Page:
The Latin American holiday Día de los Muertos, or "Day of the Dead," is all about vibrant colors and celebration. Not only do celebrants view death as simply another stage of life and nothing to be feared, but they also reject mourning ceremonies in favor of bright decorations, elaborate makeup, and a good time with family and friends. Celebrants of the holiday view death as a natural process instead of something to dread, allowing for joyful, positivity filled festivities that instead focus on happy memories of the deceased. The holiday originated in Mexico but is a mix of cultural influences, including elements from Catholicism's All Saints' Day and Aztec ceremonies for Mictecacihuatl, the female ruler of the afterlife. Día de los Muertos is observed in many countries from Nov. 1 to Nov. 2, so read on to discover more about how to celebrate the holiday in style.
Día de los Muertos celebrations center around altars created for deceased friends and family members. These altars are called "ofrendas" or "offerings," a nod to the decorations and gifts used to remember the dead. Each altar is customized based on the individual, featuring pictures of the deceased in addition to colors, patterns, and objects that speak to their unique personalities and passions. Ofrendas also often feature salt, water, and traditional Mexican dishes to nourish departed souls who are being welcomed back home on this holiday. When creating your own ofrenda to honor a family member or friend, try including a festive floral wreath that takes its inspiration from the traditional Día de los Muertos Mexican marigold, also known as the "cempasuchil".
Find Ofrenda Decorations
Sugar skulls and skeleton figurines are staples of Día de los Muertos tradition and demonstrate how death can be beautiful. When creating your ofrendas, add skeletal elements to echo the traditional aesthetic of the holiday. These altars also include festive and colorful "perforated paper" or "papel picado", which also echo the idea of a vibrant and multifaceted observance. Copal, a fragrant type of Mexican incense, is burned in homage to the dead, too. This practice reportedly stems from ancient Aztec practices. While many Día de los Muertos celebrations take place at home, the holiday's participants also decorate the graves of the dead to continue the commemoration. If you're observing the holiday this year, create a rich tableau with skeletal figurines against a bright background of papel picado.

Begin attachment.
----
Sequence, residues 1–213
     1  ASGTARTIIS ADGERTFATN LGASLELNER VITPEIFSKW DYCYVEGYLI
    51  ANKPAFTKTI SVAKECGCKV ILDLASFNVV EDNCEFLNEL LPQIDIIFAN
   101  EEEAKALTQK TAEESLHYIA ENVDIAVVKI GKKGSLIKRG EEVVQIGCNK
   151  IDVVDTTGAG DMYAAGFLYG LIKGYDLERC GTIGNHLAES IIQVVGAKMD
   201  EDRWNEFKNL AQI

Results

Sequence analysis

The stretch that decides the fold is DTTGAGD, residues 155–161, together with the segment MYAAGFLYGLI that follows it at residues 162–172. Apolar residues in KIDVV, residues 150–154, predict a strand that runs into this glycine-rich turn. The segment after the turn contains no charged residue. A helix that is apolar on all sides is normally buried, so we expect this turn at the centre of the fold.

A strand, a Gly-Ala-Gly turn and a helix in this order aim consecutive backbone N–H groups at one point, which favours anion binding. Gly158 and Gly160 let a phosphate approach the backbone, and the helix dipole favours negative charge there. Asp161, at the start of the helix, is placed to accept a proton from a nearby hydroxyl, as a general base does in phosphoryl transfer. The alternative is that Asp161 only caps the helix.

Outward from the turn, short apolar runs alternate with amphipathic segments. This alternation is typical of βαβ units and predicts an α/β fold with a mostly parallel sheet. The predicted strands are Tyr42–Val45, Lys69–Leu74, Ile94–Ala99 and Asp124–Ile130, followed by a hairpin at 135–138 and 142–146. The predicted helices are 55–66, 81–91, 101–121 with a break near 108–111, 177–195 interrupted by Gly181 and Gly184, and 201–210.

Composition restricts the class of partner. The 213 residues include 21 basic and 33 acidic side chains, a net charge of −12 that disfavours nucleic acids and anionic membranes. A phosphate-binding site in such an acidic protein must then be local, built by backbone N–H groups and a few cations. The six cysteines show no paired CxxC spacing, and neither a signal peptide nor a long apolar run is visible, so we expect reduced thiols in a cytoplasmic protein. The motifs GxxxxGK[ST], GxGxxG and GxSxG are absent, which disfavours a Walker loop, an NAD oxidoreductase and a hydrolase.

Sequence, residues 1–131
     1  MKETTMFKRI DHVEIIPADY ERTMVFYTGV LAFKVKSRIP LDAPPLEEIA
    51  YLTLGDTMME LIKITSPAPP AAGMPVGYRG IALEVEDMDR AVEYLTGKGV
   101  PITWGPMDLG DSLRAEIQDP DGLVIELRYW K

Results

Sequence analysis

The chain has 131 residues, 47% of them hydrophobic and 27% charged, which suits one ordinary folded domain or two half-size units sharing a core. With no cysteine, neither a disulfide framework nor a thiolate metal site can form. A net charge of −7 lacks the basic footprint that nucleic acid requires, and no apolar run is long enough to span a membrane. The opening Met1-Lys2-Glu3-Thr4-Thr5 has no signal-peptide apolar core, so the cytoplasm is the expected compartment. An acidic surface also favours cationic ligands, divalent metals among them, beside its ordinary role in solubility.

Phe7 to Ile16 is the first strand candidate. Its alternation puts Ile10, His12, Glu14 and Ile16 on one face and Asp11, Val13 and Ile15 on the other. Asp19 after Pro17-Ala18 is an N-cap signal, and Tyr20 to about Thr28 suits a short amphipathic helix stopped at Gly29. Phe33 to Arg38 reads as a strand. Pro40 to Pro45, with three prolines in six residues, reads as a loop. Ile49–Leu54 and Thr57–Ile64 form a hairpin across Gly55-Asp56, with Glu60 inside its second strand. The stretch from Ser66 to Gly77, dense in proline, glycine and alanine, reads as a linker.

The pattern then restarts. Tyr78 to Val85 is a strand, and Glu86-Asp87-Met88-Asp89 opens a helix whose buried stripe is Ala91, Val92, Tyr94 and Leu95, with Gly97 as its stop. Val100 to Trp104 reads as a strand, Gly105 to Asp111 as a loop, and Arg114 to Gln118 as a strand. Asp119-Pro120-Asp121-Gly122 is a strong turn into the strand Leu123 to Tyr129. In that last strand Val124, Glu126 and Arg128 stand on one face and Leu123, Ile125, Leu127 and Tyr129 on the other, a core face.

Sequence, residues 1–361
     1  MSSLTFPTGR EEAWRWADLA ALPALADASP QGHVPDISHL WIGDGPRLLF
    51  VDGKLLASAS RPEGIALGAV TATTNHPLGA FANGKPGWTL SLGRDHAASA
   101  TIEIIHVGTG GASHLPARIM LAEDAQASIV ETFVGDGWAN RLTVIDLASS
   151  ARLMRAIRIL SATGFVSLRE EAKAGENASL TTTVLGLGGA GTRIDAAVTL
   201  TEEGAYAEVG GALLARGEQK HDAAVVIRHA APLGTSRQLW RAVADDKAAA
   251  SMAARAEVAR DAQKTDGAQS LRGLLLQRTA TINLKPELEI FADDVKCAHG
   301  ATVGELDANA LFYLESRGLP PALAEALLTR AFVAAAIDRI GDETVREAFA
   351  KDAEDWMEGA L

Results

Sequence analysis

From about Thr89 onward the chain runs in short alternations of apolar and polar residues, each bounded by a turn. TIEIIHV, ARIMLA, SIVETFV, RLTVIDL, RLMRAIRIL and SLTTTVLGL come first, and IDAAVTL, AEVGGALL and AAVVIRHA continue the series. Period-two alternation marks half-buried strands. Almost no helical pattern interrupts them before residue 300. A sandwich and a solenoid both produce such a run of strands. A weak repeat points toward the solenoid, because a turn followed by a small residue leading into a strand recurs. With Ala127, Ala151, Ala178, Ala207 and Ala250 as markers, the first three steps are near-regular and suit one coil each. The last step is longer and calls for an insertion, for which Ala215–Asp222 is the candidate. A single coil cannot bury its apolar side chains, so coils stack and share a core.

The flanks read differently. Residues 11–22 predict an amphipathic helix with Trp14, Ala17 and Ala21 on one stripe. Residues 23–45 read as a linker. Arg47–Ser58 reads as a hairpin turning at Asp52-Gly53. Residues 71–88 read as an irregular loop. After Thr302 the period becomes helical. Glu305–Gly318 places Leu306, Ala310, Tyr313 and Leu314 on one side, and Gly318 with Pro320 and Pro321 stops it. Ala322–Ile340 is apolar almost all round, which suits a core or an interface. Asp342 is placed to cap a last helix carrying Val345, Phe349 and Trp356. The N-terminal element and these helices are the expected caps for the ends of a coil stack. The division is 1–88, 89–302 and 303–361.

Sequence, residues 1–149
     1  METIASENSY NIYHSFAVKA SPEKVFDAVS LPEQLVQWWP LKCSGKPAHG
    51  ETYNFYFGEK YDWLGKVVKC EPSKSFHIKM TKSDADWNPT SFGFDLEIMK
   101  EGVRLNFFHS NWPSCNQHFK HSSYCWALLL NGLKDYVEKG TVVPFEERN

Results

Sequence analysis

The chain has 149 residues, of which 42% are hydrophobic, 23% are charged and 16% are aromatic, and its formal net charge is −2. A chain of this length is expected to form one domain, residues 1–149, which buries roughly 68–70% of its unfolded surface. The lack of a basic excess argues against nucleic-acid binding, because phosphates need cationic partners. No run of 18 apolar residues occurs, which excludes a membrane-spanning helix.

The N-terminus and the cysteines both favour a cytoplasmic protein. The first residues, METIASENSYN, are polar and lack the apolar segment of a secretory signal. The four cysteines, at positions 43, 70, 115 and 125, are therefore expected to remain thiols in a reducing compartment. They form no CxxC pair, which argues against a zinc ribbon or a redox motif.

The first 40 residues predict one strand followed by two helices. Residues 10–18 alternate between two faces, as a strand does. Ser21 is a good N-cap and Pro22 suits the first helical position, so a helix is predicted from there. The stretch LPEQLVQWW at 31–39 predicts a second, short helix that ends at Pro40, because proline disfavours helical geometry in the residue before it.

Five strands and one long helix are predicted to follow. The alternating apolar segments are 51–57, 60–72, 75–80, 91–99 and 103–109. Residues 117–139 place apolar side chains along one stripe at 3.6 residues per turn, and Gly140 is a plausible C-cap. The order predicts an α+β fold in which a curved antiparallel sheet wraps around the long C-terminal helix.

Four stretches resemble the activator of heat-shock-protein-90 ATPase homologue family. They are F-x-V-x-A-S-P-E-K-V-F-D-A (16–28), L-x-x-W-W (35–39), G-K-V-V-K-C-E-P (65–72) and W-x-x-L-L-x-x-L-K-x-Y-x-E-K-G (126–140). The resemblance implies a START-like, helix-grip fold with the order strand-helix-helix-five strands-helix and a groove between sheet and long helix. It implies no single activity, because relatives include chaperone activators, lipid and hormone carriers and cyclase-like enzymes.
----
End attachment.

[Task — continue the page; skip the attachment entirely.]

Discover Día de los Muertos Decorations
Skulls, or "calaveras," lend more spirit to the occasion. In contrast to the ghoulishness of Halloween, Día de los Muertos skulls are not supposed to be intimidating or nightmarish. La Calavera Catrina, an iconic element of Día de los Muertos that depicts a female skull, reflects the blend of cultural traditions by embodying both Mictecacihuatl and the legacy of artist Jose Guadalupe Posada's work during the Mexican Revolution to demonstrate the class inequalities characteristic of the era. Today, La Calavera Catrina is an exquisite and meaningful element of the holiday's decorations and commemoration. Some celebrants even apply skull-inspired makeup to evoke the appearance of La Calavera Catrina, though many who observe the holiday stress the importance of recognizing the tradition's origins and significance as they do so. To optimize your own celebration, utilize La Calavera Catrina artwork to inform the decorations you choose for your ofrendas. Figurines with likenesses of La Calavera Catrina make a beautiful addition to celebration decorations.
Shop Calavera Decorations
Celebrating Día de los Muertos is all about personalization to enhance the experience of the holiday and remember those who have passed. If you're seeking ways to customize your ofrendas, here are some additional key pieces you can pick up to add festive flourishes.